GUM DISEASE DIABETESMost people wouldn’t make the connection between oral health and diabetes but there is actually a lot of research linking the two. In fact individuals that have diabetes are 2X more likely to develop gum disease and other oral health issues.

How Diabetes Affects Oral Health:

Diabetes causes healing to slow and causes the body to have a harder time fighting infection. This causes infections like gum disease to become more severe than in individuals that don’t have diabetes. Specific to oral health issues, diabetes decreases the amount of saliva your body makes and increases the amount of sugar in your saliva. This is detrimental because saliva protects the teeth and gums helping fight decay and breakdown hidden food particles. Without enough saliva and with too much sugar in it, diabetes creates an environment where infections and decay can flourish. But gum disease isn’t the only issue diabetics have to worry about when it comes to oral health, numerous other oral health problems also stem from diabetes.

Other Oral Health Problems Common with Diabetics:

  • Burning Mouth Syndrome (BMS) – often described as a burning sensation in the tongue, roof of mouth, gums, cheeks, and back of the throat, this painful condition isn’t fully understood. However, studies have found it is more common in diabetics than the overall population.
  • Dry mouth – also known as xerostomia. This condition is caused by the reduced production of saliva and can lead to decay, ulcers, and infections.
  • Thrush – this is a fungal disease that thrives in the oral environment created by diabetes (low saliva flow, higher sugar levels in saliva). Thrush creates white patches in the mouth and on the tongue that can become sore or turn into ulcers. If untreated thrush can create difficulty swallowing and reduce taste.
  • Poor healing of oral tissues – after dental procedures or injuries to the mouth, oral tissue is heal slower in diabetic patients.

What To Do To Lower Your Oral Health Risks As A Diabetic:

Although diabetics have an increased risk of oral health issues, that doesn’t mean it is inevitable that they will develop gum disease. Diabetics should follow the tips below to make sure the reduce their risk of developing oral health issues as much as possible.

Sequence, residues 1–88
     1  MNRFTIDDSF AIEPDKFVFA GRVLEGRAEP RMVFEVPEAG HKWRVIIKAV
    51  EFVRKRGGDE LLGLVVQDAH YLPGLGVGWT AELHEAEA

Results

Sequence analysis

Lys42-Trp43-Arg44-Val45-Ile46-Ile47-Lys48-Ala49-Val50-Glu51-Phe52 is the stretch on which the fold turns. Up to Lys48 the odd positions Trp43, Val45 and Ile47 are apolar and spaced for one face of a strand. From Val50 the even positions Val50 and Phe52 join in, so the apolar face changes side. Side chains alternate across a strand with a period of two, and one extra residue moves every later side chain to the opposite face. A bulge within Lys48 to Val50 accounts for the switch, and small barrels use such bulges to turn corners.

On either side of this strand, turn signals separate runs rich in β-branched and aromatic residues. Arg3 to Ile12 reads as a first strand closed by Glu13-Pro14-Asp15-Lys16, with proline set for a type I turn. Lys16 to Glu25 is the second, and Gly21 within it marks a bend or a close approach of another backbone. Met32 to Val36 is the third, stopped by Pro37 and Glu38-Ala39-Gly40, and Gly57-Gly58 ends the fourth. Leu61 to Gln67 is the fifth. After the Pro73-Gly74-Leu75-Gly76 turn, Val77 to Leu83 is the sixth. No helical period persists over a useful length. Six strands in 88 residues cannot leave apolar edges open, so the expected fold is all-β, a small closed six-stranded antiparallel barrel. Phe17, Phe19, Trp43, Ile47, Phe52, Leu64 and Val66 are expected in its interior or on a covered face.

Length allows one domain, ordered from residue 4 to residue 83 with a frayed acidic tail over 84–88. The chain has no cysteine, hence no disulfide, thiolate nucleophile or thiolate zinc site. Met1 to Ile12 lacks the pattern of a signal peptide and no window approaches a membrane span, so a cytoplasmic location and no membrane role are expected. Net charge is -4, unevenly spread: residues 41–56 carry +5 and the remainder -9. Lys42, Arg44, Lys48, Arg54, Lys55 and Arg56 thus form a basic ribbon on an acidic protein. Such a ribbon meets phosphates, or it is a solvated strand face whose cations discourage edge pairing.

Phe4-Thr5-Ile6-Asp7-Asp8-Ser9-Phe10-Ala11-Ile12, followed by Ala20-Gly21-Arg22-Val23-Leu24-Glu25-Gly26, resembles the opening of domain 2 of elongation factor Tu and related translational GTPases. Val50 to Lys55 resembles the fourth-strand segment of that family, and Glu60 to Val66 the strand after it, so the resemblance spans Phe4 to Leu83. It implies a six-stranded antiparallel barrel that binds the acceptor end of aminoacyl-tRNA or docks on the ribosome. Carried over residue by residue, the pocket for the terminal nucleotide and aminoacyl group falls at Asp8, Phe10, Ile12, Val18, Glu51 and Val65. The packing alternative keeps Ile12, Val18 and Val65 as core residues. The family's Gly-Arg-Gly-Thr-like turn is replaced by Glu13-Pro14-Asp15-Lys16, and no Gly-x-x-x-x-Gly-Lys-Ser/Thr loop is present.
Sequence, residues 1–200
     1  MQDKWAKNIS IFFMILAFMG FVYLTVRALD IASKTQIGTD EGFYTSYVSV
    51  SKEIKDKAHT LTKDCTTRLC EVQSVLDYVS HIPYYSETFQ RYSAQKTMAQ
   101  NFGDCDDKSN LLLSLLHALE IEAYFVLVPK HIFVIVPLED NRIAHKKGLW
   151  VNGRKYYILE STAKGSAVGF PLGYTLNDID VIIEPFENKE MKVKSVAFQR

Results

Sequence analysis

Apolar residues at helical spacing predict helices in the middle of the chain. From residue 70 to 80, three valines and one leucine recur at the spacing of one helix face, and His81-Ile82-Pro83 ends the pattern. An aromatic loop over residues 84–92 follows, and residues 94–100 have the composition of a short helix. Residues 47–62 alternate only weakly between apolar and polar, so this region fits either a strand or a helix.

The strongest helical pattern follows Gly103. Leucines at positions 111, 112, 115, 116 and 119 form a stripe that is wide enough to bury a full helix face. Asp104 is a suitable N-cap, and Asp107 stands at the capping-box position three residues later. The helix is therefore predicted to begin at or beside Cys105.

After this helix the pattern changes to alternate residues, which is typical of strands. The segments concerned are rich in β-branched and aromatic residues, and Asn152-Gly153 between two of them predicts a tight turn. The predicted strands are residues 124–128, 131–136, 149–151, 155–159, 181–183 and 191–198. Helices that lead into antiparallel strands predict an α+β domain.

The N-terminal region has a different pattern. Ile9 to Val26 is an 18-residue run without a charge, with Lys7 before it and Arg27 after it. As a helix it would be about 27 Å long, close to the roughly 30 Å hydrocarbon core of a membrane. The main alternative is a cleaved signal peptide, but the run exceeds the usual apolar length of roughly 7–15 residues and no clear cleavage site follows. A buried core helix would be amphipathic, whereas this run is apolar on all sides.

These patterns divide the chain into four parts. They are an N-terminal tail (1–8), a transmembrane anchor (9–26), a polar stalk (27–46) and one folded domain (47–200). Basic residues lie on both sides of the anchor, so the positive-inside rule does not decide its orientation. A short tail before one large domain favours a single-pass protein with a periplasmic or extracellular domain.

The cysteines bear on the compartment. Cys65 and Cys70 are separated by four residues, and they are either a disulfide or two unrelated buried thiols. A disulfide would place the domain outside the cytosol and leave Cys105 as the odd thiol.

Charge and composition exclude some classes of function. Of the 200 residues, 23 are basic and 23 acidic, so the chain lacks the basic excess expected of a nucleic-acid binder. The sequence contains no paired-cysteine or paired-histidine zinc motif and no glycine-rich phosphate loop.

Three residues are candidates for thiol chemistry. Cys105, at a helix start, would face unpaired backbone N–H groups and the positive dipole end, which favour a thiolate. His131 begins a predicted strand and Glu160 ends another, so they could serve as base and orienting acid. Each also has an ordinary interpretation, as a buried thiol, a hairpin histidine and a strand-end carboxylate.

Make Sure Your Diabetes Is Controlled.

Keep your glucose levels in check to reduce the chance of developing oral issues. Uncontrolled diabetes patients have even higher risk of gum disease 2.9x more than patients that don’t have diabetes and .9X more than patients have their glucose levels well controlled.

Look Out For Early Signs Of Gum Disease.

Because diabetics are prone to higher rates of gum disease be on the look out for early symptoms such as: bleeding gums when you brush/floss, red or swollen gums, bad breath, gums that have pulled away from the tooth, loose permanent teeth.

DIABETES AND GUM DISEASEHave Good Dental Hygiene.

Since your diabetes gives you a higher risk of oral issues it’s best to make sure you have optimal dental hygiene to reduce that risk. Make sure to brush your teeth twice a day for two minutes at a time. But don’t just brush back and forth, focus on getting all angles of your teeth using circular motions. Also remember to floss once a day.

Visit Your Dentists For Teeth Cleanings.

Visit your dentist for teeth cleanings every 6 months and make sure to tell them you have diabetes. Removing built up plaque and tarter from your mouth regularly can go a long ways in reducing your risk for gum disease.

Don’t Smoke/Quit Smoking.

Smoking while having diabetes raises your risk of developing gum disease.  Smoking diabetics have a 4.9x more risk of developing gum disease than those that don’t have diabetes and 2.9x more than diabetics that don’t smoke.

If you are a diabetic and are experiencing symptoms of gum disease or other oral health issues schedule an appointment with one of our experienced oral health experts today. Give us a call at 202-919-6547 or email us at info@dentaltowndc.com to schedule your consultation.